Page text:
One of the hardest things about having two part-time jobs for me personally is knowing how much I actually rely on these jobs to stay afloat during my time here. I made a lot of risky financial decisions, like choosing to live on residence despite living close enough to commute, opting out of a meal plan and choosing to buy my own groceries, and back in my high school days, having a car when I realiiiistically didn’t need one. To me, working part-time isn’t a hobby or a way to make a little spending money, it’s an integral part of my University career. And I know I’m not the only one who feels this way. Thousands of students rely on part-time work to pay tuition and residence fees every year, all while balancing their career as a full-time student. It’s not always easy, but it’s what we signed up for.

I won’t say that it’s always a walk in the park. There are some days that I feel so completely overwhelmed by my commitments to both work and school that I simply break down. I often feel like I’m letting people down, or compromising my own happiness and energy to maintain everything that’s going on in my life.

via Giphy

But once I let the feeling pass, and take control of my time and my mindset, I forget about everything holding me back and focus on what needs to be done. If nothing else, working while at school has helped me develop a thick skin and healthy work ethic.

A lot of people ask me if I would choose to not work if I had the option, and it’s a hard question to answer. Although it would be nice to have a few extra hours of sleep in the morning, not have to think about any external projects or commitments, and be able to focus more of my time and attention on school, I don’t know if I can picture my life without work. I make sure that whatever I’m doing fits into my life some way, and work hard to find enjoyment in every position I take. It provides me with a sense of responsibility, accomplishment, personal and professional growth, and has developed my time management skills to no end. Working while in school keeps me on my toes, forces me to stay focused and to utilize the time that I have in the best way possible. I also know that having these positions will help me in the future–for example, I am far more equipped now to continue working in social media and promotion than I was three months ago! Plus, I’ve learned that it’s something I enjoy and can see myself pursuing professionally just a few years down the line.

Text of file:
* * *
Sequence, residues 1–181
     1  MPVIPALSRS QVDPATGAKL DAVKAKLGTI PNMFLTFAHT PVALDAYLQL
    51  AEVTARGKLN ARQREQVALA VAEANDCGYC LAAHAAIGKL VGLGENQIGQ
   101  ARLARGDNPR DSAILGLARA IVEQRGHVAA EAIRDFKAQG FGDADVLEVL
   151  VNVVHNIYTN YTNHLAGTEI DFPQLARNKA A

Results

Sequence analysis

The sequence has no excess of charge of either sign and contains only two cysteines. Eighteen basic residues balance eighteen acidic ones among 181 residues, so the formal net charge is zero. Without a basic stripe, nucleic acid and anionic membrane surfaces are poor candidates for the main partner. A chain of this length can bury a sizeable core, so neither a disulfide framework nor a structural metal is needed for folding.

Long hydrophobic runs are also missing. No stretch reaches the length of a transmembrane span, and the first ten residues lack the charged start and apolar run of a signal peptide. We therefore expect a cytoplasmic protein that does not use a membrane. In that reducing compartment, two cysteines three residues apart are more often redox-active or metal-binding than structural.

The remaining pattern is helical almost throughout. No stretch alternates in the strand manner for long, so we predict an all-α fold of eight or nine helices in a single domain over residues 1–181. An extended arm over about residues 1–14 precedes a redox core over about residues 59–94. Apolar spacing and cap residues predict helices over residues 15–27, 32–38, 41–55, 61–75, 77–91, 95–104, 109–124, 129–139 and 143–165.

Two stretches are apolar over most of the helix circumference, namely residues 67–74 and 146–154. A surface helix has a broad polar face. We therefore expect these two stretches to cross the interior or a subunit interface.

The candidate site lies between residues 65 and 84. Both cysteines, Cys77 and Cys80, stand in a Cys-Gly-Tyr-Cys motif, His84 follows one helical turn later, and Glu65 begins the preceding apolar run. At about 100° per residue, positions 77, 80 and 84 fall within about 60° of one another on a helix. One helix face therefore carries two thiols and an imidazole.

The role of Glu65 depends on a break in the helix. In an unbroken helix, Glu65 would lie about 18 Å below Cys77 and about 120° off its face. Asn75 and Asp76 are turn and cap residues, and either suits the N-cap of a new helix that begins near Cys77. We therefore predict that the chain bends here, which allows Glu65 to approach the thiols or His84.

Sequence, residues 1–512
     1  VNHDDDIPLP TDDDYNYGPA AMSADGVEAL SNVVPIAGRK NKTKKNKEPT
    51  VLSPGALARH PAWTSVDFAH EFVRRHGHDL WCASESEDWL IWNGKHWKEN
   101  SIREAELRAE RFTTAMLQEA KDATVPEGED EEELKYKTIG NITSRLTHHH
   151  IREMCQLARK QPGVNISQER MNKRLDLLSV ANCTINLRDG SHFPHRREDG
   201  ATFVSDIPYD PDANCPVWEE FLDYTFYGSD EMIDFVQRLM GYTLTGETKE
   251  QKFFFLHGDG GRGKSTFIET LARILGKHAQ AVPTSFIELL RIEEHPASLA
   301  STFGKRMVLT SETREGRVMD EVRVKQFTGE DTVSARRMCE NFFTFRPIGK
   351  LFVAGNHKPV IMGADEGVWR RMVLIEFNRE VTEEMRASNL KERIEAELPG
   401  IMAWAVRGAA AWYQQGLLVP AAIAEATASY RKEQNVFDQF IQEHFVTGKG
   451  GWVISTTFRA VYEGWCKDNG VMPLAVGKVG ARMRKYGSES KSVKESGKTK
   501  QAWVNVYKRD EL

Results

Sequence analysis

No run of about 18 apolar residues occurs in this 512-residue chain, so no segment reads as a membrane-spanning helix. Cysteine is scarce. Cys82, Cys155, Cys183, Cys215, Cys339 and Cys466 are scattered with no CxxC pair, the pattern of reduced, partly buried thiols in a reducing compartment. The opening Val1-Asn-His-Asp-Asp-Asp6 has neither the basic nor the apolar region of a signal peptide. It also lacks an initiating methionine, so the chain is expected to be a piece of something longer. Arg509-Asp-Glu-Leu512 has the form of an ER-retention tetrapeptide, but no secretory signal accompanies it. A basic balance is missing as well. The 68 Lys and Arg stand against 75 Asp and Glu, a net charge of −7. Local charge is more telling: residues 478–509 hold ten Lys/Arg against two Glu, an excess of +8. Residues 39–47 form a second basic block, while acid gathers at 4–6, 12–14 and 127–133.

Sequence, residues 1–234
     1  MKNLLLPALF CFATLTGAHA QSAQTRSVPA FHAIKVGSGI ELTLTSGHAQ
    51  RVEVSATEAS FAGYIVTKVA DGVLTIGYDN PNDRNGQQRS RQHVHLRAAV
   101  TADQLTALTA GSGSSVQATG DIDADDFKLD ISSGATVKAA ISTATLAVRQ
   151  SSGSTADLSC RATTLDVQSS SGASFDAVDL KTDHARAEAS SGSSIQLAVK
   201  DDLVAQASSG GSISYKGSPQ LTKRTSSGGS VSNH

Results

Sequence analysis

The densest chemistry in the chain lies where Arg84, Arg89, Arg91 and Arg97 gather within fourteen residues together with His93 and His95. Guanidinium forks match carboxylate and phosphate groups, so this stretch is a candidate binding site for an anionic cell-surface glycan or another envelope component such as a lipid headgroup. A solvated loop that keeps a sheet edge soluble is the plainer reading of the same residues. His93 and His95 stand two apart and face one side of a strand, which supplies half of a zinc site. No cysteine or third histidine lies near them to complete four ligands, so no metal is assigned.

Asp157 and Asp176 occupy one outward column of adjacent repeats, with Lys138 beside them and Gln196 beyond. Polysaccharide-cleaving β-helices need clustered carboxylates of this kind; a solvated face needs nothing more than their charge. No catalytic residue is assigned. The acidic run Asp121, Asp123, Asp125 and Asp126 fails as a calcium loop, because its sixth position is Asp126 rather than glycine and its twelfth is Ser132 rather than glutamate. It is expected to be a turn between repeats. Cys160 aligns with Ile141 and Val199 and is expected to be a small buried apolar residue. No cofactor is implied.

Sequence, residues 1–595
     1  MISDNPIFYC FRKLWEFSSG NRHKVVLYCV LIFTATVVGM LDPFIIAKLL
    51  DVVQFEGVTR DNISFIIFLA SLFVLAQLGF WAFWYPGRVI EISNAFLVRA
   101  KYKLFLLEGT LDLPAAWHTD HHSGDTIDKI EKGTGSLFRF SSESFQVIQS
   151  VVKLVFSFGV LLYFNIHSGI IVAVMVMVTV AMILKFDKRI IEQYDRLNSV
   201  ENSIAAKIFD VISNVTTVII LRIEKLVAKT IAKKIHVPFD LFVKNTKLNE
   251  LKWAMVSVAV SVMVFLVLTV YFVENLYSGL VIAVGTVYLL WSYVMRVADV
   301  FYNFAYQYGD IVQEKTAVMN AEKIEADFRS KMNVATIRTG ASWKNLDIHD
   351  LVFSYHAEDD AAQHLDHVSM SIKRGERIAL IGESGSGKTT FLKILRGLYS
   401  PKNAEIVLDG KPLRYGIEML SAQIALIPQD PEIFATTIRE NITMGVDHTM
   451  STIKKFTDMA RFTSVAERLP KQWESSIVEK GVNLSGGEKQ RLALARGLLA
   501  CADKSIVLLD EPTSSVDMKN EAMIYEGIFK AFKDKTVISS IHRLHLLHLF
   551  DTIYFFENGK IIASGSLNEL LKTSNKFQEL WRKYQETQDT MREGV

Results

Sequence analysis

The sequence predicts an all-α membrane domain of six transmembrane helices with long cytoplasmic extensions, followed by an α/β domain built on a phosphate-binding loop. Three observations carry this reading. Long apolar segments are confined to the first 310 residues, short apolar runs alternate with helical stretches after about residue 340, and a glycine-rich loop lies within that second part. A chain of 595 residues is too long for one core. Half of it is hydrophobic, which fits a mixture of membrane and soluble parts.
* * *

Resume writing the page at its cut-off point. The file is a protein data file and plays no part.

via Tenor

Although it may seem challenging, and often times draining, having a job while in school is incredibly gratifying. I tell everyone who asks me that it is 110% doable with the right attitude, a little schedule manoeuvring, and the right position.

Now get back to work before your boss catches you on my blog!

via Tenor

 

Related Posts
A Toronto streetcar in the snow